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By Lien Hoang
May 5—Singapore will pay fathers to take a second week of paternity leave beginning next year in a bid to drive up one of the five lowest birth rates in the world.
Josephine Teo, senior minister of state in the Prime Minister's Office, announced the change in late April. The government currently pays for one week of paid paternity leave.
“We will legislate a second week of paternity leave for all fathers of Singapore citizen children born from Jan. 1, 2017,” Teo said in a speech, joking: “So if you start now, there is good time.”
Public funds will also cover four weeks of paid leave for mothers and fathers to allocate between themselves, beginning July 1, 2017, up from the one week of shared leave currently provided.
Also beginning next July, women who adopt children under 1 year old will receive 12 weeks of paid time off, instead of the current four. Fathers can share four of those 12 weeks. The government will pay for eight weeks, employers for the remaining four.
Teo took a page from the European playbook, where paid paternity leave of four weeks is provided in Portugal and Lithuania and three weeks in Finland, according to the Organization for Economic Cooperation and Development. Teo said she studied other countries' models and consulted parents and scholars in developing her plan.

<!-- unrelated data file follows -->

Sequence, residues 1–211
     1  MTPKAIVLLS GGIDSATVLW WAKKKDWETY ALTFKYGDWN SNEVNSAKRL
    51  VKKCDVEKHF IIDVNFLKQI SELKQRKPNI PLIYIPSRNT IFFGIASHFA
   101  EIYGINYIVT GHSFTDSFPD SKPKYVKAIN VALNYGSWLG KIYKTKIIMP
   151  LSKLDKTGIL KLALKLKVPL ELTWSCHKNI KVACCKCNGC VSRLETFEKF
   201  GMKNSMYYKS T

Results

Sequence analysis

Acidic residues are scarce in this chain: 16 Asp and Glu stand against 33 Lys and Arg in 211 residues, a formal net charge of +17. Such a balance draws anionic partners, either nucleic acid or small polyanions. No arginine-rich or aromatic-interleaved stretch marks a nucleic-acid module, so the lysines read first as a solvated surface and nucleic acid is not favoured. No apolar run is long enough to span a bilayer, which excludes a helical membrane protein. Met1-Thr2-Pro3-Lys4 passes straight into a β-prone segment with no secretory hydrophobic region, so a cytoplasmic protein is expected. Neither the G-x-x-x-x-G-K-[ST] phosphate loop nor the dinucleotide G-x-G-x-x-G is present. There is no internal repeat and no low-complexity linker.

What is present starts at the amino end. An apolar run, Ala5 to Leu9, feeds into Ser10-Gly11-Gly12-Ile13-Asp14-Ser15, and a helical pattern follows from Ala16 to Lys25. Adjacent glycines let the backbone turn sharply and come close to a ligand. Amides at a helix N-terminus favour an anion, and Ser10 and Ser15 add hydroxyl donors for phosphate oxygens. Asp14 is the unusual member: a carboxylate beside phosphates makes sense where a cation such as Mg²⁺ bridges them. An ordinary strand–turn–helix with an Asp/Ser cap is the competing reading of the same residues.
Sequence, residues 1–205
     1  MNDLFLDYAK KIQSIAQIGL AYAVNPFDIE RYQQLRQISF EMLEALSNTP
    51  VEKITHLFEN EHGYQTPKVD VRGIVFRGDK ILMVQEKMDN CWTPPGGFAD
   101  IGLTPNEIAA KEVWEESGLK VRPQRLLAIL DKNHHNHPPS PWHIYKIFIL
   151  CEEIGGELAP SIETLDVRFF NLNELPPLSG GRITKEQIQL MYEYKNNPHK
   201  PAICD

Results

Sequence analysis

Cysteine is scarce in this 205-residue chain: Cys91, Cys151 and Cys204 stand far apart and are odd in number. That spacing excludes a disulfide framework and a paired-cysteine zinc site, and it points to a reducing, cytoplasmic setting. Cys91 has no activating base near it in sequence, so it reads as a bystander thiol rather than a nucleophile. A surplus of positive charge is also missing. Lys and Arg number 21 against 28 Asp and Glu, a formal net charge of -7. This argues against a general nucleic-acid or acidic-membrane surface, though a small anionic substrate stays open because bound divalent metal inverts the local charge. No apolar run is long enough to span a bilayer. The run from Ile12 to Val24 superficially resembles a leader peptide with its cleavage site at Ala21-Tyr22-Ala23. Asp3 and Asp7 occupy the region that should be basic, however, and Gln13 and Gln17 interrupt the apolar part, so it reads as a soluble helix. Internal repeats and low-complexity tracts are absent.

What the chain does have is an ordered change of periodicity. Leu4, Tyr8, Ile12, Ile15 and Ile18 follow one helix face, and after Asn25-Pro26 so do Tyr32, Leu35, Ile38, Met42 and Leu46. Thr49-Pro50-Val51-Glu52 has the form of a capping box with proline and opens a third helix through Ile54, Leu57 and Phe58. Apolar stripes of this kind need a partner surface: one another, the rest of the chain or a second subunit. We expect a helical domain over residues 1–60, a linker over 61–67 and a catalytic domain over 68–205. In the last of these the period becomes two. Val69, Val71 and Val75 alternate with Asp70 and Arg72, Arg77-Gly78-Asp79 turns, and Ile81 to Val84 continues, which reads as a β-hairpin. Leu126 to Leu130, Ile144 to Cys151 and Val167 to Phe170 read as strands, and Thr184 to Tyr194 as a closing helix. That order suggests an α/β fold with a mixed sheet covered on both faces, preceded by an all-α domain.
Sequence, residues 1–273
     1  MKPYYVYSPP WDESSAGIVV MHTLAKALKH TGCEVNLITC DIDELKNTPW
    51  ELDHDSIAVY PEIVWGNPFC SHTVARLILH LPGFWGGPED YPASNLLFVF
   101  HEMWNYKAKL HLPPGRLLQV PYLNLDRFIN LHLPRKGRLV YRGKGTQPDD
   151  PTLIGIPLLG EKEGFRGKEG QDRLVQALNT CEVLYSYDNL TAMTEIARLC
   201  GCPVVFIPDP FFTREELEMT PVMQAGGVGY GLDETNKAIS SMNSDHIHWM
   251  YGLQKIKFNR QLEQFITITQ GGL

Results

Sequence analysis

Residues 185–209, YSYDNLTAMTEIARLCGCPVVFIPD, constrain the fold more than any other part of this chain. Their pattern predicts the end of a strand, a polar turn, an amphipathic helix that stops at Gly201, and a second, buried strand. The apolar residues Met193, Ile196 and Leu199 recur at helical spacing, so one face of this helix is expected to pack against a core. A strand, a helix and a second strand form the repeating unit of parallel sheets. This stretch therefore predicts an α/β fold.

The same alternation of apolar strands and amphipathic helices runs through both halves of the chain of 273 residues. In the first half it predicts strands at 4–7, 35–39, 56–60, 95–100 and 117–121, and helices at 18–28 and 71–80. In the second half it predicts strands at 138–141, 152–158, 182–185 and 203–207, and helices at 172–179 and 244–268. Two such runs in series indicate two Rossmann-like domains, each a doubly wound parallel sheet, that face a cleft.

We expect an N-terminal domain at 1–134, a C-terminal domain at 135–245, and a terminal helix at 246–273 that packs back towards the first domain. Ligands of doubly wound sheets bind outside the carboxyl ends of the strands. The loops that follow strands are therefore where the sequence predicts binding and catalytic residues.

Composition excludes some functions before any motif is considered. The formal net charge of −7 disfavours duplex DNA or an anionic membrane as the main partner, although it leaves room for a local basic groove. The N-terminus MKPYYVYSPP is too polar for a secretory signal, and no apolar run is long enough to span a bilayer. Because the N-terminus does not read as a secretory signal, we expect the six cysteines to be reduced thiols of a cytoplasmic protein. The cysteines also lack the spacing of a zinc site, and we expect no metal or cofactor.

Supporters argue that paternity leave promotes gender equality by encouraging men to take more responsibility for child care. Teo argues that such policies are also good for business.
“Audit findings indicate that family-friendly employers with scores in the top quartile had significantly better business outcomes than companies in the bottom quartile: 41 percent lower absentee rates, 32 percent higher motivation rates and 23 percent higher employee productivity,” Teo said, citing a study by Germany's Hertie Foundation.
Assistant law professor Chen Siyuan at Singapore Management University, however, expressed skepticism that employees would take full advantage of the increased leave given the complexity of the law.
“Why is it so difficult to have policies that are immediately digestible?” Chen told Bloomberg BNA April 28, suggesting there's too much minutia in the regulations. “The businesses affected by this paternity leave change would of course have the means to internalize the new law, but if the employees don't know what's going on, then there's no point changing the law.”
A rich nation of 5.5 million people, Singapore had a fertility rate of just 1.24 children per mother in 2015, Teo said. The OECD suggests a replacement rate of 2.1.
To boost this figure, the government has experimented with family-friendly policies on child care, health care, work flexibility and antidiscrimination against pregnant employees. The sovereign wealth fund Temasek has even invested in a dating app.
Under the updated parental policies, Singaporean men could end up spending a total of eight weeks away from the office to raise children. That includes two weeks' paid leave, four weeks' shared leave, six days of child care leave and a week of unpaid infant care leave.
“We hope employers that are in a position to do so start to extend paternity leave even before legislation kicks in so that parents of children born earlier can also benefit,” Teo said.
To contact the reporter on this story: Lien Hoang in Ho Chi Minh City at email@example.com
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